An accusation that sheriff's officers badgered the grieving spouse of a crash victim was part of that courtroom testimony.

"I know we're called the Badger state but you think badgering someone is a good way to get information," Defense attorney Stephen Hurley asked investigator Fritz Leinfelder.

The video showed Leinfelder and a sheriff's sergeant pushing Todd Kendhammer to explain how his wife Barbara could have gotten multiple injuries from a pipe allegedly crashing through a car window. Todd repeatedly told the officers that he had no reason to kill his wife of 25 years, and fake a car accident.

Also during the video, Kendhammer said that if he had wanted to kill his wife, he could have used one of the many guns he owns.

“If I was going to do something to my wife,” Kendhammer said. “I sure as hell wouldn’t have done it like this.”

Other testimony included attempts to find the truck, which Kendhammer said dropped a pipe that flew through his car window and killed his wife.

Much of Kendhammer's defense in the trial depends on whether a jury believes that his wife was killed by that pipe.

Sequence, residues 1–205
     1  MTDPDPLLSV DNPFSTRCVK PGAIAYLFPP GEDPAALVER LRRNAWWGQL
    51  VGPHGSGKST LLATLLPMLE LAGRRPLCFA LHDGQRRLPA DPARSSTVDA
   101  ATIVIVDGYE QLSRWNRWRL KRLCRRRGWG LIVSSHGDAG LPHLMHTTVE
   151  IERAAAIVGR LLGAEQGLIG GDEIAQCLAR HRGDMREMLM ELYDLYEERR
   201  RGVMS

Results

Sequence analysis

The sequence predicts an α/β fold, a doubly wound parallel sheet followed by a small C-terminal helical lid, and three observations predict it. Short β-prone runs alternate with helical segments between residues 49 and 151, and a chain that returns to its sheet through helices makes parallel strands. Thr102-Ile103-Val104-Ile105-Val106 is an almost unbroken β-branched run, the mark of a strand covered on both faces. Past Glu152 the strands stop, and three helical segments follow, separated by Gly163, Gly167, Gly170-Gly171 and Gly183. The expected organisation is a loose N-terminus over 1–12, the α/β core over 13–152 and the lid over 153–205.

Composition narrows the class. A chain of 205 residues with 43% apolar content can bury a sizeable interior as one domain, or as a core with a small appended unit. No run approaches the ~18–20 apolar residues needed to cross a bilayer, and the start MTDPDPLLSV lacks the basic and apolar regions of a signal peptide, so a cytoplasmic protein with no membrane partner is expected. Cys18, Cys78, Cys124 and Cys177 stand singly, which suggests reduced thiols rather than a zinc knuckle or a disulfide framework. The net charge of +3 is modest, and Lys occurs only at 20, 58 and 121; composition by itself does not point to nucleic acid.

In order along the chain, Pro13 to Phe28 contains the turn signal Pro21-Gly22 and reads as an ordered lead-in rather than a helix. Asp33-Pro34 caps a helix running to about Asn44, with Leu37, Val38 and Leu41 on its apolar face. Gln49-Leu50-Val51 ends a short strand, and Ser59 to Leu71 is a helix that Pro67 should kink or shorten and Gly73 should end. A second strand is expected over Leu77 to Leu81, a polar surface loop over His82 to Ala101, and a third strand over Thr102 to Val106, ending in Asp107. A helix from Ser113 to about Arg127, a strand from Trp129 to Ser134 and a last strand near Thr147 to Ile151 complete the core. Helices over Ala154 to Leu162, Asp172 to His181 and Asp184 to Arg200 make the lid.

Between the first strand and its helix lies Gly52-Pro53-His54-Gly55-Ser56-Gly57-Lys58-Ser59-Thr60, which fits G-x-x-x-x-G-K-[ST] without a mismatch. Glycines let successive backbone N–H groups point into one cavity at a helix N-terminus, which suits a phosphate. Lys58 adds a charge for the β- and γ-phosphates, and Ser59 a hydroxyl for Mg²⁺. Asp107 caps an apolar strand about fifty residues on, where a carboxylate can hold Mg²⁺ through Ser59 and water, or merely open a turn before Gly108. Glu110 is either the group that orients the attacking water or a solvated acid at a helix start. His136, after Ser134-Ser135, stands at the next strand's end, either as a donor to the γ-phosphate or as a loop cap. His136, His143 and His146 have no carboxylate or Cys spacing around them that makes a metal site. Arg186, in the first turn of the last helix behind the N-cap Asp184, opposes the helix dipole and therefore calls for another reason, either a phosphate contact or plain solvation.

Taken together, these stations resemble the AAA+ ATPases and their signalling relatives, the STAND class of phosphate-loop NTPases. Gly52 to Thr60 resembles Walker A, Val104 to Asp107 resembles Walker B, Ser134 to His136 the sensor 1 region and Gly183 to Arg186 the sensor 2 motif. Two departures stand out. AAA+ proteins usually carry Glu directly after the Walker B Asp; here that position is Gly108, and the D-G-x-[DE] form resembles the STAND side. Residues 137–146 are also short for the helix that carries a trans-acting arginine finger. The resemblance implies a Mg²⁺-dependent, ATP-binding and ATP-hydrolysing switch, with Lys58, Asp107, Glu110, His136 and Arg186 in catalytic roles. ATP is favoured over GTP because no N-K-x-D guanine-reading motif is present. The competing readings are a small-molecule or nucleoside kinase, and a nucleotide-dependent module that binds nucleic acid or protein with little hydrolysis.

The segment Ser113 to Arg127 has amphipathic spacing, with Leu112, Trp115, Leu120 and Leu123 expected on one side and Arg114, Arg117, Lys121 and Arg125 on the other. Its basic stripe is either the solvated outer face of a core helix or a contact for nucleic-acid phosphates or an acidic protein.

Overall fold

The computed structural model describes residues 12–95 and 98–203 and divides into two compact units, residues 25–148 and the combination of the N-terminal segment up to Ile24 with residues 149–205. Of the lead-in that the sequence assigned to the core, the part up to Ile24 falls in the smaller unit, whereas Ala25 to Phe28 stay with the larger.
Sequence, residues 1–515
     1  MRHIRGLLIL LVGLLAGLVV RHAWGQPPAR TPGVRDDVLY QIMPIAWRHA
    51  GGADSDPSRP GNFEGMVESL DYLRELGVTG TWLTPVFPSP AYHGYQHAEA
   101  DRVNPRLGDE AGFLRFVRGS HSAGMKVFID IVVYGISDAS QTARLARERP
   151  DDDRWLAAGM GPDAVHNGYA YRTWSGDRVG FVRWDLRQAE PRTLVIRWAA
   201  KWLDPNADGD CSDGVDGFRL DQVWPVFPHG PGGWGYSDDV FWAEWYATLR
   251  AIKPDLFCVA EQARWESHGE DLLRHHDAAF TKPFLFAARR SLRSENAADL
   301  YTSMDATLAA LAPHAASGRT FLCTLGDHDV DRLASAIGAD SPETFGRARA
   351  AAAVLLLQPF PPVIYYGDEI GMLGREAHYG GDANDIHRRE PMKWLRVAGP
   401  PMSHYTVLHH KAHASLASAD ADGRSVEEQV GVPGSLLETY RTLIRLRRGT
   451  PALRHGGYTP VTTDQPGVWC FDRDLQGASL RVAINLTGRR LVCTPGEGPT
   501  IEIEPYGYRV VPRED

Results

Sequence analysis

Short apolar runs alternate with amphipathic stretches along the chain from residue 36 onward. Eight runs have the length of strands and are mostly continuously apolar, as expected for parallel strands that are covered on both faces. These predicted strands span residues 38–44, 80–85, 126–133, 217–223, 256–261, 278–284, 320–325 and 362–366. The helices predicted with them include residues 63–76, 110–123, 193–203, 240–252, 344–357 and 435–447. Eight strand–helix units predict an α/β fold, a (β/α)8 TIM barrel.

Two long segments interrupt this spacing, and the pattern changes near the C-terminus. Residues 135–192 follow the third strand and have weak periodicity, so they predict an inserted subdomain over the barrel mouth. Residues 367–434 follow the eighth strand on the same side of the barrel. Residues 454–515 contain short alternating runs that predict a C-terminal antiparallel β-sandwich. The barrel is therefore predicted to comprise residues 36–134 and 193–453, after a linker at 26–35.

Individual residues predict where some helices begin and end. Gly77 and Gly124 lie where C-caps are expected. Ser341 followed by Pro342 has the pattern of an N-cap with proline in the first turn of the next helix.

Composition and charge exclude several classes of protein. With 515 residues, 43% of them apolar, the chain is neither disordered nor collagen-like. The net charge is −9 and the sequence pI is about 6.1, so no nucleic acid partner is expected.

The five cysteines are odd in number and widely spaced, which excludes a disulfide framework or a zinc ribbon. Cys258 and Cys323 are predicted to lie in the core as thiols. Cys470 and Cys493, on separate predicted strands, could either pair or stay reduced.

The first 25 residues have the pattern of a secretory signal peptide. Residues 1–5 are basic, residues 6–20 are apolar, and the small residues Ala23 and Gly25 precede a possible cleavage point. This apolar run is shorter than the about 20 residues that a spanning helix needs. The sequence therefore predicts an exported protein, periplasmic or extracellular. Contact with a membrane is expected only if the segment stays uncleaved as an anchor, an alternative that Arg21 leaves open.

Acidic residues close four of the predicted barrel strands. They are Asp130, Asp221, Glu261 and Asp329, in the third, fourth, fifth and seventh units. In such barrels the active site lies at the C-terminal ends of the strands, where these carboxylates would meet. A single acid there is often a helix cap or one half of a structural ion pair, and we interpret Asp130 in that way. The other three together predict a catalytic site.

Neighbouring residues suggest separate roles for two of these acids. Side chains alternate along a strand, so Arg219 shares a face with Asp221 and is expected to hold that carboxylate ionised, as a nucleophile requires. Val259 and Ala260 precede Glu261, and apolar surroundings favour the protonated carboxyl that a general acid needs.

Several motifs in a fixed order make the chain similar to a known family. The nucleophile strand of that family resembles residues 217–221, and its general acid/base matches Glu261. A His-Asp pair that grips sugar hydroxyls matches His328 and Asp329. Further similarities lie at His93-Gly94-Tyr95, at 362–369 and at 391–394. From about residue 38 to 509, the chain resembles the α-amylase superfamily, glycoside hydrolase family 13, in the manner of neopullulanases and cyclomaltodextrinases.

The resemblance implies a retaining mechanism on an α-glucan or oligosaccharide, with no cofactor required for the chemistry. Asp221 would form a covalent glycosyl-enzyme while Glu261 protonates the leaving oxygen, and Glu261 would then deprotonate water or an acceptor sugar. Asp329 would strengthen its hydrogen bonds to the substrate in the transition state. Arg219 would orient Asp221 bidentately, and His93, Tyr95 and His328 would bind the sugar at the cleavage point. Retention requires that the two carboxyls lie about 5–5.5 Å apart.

Testimony also covered trying to pinpoint Kendhammer's wife was that day by tracking the GPS of her phone.


Courtroom arguments aren't likely to change the results of an autopsy in the first-degree intentional homicide of Barbara Kendhammer. 

That was the position of medical examiner Kathleen McCubbin on Wednesday, the third day of Todd Kendhammer's murder trial in La Crosse County Circuit Court. The 47-year-old West Salem, Wis., man is accused of fatally beating his wife.

Although Todd and his defense team said his wife was killed by a metal pipe that crashed through a car window, McCubbin, a forensic pathologist, said that argument doesn't change the nature of several wounds found on Barb's body.

"For the reasons I stated previously, the multitude of injuries, the lack of any impact that I feel is consistent with a pipe impaling her, and the concerning injuries on the neck, in particular," McCubbin, pictured below, said.

McCubbin, who performed an autopsy on Barbara, stuck by her findings from a year ago that Barbara was more likely killed by a person than a flying metal pipe.